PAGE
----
Thursday, February 5, 2009

Field-level key bindings

Sometimes you need to create key bindings in Eclipse which are scoped to just a single control. I had one such case today. I have a table cell editor that’s based on the TextCellEditor, but adds a small graphical browse button. It works great as long as you are using a mouse, but I needed to make the browsing function keyboard accessible for people with disabilities.

Eclipse has a nice command framework that lets you define commands in abstract sense, place them in contexts, define key bindings and finally associate handlers to do the actual work. Finding an example that puts all of these concepts to work together in a particular way can be challenging, so I thought I would share my solution to the above problem and explain some of this API along the way.

The first step is to define the command. A command is an operation that a user can perform, but we don’t actually specify how to perform that operation when defining the command. That comes later when we add a handler. Every command must belong to a category. Here we define a category as well. You will typically want to create a category for each broad functional area to make it easier for users to find and manage your commands in the preferences.

<extension point="org.eclipse.ui.commands">
    name="My Category"/>

The next step is to define the context. The context controls what commands are available via key bindings based on where in the workbench the user is working. Typically views and editors define contexts, but there is nothing stopping you from defining one that is more focused. In this example, we will create a context for fields with browsing capability.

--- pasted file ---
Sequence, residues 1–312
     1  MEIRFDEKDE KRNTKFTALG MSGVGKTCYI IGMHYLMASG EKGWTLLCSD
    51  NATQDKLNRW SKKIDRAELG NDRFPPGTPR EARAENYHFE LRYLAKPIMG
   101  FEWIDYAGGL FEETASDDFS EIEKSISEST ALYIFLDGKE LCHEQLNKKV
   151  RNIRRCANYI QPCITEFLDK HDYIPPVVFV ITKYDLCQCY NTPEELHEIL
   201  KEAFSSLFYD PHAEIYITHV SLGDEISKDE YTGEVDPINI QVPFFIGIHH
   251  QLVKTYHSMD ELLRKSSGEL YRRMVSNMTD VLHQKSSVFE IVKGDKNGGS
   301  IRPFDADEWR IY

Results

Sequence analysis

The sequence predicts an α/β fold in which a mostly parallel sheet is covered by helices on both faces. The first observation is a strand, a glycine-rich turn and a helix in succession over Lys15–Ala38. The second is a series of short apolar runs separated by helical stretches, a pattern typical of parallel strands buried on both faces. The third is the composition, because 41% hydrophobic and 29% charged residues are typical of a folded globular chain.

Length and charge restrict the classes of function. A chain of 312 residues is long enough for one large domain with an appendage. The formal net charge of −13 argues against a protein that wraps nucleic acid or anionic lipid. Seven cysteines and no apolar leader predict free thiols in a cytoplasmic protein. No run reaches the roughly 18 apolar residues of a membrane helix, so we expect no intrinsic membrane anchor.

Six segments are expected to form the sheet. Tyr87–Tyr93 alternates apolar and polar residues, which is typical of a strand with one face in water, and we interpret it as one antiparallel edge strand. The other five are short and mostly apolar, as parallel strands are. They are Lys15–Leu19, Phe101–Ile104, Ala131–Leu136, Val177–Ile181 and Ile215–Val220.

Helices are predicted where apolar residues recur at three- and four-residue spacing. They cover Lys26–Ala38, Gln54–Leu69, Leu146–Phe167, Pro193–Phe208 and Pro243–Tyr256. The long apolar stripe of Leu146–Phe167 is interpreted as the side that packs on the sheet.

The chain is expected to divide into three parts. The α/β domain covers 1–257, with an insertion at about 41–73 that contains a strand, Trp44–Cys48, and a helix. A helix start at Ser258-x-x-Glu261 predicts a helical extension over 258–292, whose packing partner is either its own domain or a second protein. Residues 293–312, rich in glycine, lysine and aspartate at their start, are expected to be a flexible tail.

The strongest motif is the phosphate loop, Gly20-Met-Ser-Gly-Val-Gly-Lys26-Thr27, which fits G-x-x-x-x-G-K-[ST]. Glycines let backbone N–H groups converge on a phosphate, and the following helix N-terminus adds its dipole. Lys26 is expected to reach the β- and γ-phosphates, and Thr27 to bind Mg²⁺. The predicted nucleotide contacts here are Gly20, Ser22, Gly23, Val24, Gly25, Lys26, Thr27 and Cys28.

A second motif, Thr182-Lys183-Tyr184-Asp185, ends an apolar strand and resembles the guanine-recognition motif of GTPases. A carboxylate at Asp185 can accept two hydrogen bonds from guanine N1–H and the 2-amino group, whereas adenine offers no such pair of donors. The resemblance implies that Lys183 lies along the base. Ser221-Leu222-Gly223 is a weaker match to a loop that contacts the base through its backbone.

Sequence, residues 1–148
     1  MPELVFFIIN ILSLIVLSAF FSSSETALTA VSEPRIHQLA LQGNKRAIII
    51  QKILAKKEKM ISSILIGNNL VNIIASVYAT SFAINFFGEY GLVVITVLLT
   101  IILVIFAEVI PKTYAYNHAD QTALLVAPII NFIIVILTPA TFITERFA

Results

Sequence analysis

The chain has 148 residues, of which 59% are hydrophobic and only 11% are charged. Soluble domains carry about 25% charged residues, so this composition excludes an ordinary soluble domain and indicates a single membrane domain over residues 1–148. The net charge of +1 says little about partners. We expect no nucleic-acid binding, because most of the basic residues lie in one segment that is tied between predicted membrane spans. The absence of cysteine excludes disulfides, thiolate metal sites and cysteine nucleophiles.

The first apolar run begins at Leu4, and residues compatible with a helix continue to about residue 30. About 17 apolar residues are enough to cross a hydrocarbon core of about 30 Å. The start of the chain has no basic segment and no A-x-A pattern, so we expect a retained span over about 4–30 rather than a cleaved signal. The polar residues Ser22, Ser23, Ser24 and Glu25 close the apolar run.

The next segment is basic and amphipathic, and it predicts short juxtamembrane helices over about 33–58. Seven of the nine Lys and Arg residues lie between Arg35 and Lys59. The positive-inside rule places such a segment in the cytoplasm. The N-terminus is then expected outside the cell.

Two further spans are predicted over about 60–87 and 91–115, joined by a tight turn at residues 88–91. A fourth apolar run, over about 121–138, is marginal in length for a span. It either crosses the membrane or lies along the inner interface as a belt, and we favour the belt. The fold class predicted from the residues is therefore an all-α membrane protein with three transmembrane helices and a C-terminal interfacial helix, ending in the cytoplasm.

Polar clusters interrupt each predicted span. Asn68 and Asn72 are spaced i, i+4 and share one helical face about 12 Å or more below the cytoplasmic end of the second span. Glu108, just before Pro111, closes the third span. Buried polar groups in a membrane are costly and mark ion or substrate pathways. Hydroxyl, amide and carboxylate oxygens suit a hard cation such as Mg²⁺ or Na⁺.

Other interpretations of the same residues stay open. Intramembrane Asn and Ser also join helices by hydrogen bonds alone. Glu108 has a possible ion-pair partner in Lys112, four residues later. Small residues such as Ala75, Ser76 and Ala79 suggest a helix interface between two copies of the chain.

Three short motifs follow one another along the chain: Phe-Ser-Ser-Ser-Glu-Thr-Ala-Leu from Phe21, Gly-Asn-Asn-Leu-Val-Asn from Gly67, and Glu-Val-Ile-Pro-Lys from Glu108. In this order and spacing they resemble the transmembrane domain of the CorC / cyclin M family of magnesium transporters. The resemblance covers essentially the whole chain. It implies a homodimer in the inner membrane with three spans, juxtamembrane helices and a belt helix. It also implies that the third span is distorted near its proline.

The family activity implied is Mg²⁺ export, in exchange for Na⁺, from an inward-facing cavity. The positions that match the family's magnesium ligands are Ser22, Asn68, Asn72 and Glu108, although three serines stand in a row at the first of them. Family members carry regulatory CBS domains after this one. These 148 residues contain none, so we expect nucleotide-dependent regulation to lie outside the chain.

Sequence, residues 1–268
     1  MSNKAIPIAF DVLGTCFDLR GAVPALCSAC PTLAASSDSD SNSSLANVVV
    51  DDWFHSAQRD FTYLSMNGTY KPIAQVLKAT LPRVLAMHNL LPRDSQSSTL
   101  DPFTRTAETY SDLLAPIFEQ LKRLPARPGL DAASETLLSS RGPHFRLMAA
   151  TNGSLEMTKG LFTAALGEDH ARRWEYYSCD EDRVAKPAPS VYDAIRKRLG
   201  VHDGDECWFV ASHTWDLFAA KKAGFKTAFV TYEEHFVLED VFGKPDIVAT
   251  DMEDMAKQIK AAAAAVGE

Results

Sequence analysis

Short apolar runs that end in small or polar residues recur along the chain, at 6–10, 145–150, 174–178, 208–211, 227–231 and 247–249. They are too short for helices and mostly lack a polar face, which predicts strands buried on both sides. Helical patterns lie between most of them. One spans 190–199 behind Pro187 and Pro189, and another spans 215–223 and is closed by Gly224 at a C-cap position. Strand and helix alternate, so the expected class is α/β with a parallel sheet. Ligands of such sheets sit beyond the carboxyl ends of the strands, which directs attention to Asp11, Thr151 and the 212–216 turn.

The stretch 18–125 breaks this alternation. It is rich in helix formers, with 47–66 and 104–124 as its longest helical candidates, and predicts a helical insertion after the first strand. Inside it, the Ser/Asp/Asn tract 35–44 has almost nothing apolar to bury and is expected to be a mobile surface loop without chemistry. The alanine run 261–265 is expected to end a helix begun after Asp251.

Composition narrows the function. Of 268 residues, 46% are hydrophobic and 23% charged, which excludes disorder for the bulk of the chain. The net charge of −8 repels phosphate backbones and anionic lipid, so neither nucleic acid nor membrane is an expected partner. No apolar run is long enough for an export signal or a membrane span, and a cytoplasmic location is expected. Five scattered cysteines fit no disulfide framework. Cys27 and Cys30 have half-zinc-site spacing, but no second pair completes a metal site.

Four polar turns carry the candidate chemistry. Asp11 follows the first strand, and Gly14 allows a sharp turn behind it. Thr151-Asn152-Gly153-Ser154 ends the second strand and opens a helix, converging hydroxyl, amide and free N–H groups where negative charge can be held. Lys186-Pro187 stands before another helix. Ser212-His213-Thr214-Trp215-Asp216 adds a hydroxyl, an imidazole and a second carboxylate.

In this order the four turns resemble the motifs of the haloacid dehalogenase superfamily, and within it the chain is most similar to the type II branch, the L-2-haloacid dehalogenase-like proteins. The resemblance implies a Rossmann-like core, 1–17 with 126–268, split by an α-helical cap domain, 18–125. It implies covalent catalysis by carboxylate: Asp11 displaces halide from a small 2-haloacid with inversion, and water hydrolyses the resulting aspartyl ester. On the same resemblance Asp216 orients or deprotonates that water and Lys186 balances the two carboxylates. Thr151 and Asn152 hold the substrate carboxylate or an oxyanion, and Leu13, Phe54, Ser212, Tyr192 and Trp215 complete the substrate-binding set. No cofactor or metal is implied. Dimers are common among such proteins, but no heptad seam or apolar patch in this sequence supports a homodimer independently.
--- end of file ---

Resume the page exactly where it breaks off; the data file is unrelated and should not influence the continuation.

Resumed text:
<extension point="org.eclipse.ui.contexts">
    name="In Browseable Field"/>

The final declarative step is to define the key binding. The following assigns Ctrl+L to the browse command in the browseable field context.

<extension point="org.eclipse.ui.bindings">

And now for the final bit of magic… The following function brings it all together by enabling the browseable field context and associating a handler with the browse command when the specified text field gains focus. When the focus is lost, the context and the handler are deactivated.

public static void addBrowseKeyBinding( final Text textField,
                                        final Runnable browseOperation )
    final IHandler browseCommandHandler = new AbstractHandler() 
        public Object execute( final ExecutionEvent event )
            return null;
    final IWorkbench workbench = PlatformUI.getWorkbench();
    final IHandlerService handlerService 
        = (IHandlerService) workbench.getService( IHandlerService.class );

    final IContextService contextService 
        = (IContextService) workbench.getService( IContextService.class );
    final IHandlerActivation[] handlerActivationRef = new IHandlerActivation[ 1 ];
    final IContextActivation[] contextActivationRef = new IContextActivation[ 1 ];
        new FocusListener()
            public void focusGained( final FocusEvent event )
                final IHandlerActivation handlerActivation
                    = handlerService.activateHandler( "my.browse.command", browseCommandHandler );
                handlerActivationRef[ 0 ] = handlerActivation;
                final IContextActivation contextActivation
                    = contextService.activateContext( "my.browseable.field.context" );
                contextActivationRef[ 0 ] = contextActivation;

            public void focusLost( final FocusEvent event )
                handlerService.deactivateHandler( handlerActivationRef[ 0 ] );
                contextService.deactivateContext( contextActivationRef[ 0 ] );

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